I believe CS Lewis said that we don’t need more Christian fiction. We just need more Christians writing fiction. And I hold with that: I would love to see a bookstore filled with a rainbow of novels written by authors with varying worldviews, the main characters all being true expressions of what it means to be agnostic, Muslim, Christian, Jewish, atheist, Hindu, whatever. Most of us read to step out of the world we know, and personally speaking, I don’t have a problem reading about a character whose beliefs are markedly different from my own.
At the moment, sadly, Christian characters keep getting stereotyped. In Christian inspirational fiction, they’re stereotyped one way (the True Believer who holds with the literal interpretation of the Bible and solves all his problems that way) and in mainstream fiction, from what I’ve seen, there’s a tendency to stereotype the other way (two dimensional hypocrites with no compassion for anyone.)
That’s why the BookWenches’ review of The Boys Upstairs just had me beaming from ear to ear.
In their 4.5 star review, the reviewer writes,
Although I normally don’t seek out inspirational titles and consider myself to be anything but religious in my beliefs, I found this story of brotherly love and second chances to be well-written and touching.
And there’s my litmus test. This is what I’d wanted to accomplish all along. I want to write multifaceted characters who do happen to have a spiritual edge to their lives and who are not preachy. One of my reviewers criticized the book for not having a call to conversion, but that was never the point. I hate books with an agenda, whether that agenda is converting me to the author’s belief system or enlightening my conscience about the crimes in East Timor or making me recycle. Even at the times I agree with the author, it sets my teeth on edge because I don’t want a sermon.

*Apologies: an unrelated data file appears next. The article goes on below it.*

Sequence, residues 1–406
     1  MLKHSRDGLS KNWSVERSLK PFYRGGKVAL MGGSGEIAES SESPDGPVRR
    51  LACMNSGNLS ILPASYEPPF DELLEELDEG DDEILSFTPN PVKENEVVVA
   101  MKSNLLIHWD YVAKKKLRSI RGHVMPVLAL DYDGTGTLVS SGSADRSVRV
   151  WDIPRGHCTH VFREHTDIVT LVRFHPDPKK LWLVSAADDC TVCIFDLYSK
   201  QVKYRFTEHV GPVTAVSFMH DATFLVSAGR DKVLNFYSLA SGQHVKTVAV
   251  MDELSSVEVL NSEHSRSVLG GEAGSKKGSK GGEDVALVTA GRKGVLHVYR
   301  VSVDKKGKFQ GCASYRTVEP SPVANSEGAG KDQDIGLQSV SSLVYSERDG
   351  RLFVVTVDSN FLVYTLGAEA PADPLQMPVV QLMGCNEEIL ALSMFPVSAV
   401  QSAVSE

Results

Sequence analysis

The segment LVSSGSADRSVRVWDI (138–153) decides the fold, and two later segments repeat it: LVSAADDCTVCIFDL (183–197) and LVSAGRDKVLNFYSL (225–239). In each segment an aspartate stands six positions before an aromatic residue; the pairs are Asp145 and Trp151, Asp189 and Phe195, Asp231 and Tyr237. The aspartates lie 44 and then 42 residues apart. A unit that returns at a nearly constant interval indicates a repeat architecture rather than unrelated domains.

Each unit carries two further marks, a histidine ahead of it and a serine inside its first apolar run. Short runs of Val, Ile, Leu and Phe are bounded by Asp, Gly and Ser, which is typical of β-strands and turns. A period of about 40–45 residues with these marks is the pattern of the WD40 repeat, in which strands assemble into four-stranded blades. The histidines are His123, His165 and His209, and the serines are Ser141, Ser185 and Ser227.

As a writer, I have one agenda: it’s to tell a damn good story, to draw the reader out of his world and into mine. It’s to entertain. It’s to create. And as a reader, I’m usually reading to be entertained. For most of us, when we want to be enlightened, we head for the nonfiction section.
The review continues:
There is no preaching or spouting of holier-than-thou religious dogma in The Boys Upstairs. There are no miraculous religious conversions or miracles. The characters are simply acting in accordance with their faith (or lack thereof) to the situations around them, not trying to convert the reader. As a result, I found myself respecting the characters beliefs, even if I didn’t necessarily agree with them.
At this point, I wanted to cry. Because isn’t that all any of us want? Writers want to create characters who are acting out of who they are. We want situations that draw out the best of them. Readers want characters who live. Who are real. Who can be respected even when we disagree with everything they believe.
We don’t need more Christian fiction. We just need good fiction. We need people of all faiths writing good fiction and publishers willing to publish books that highlight those different belief systems. We need a meeting of the minds and hearts. We need genuine people and not cliches. It can be done.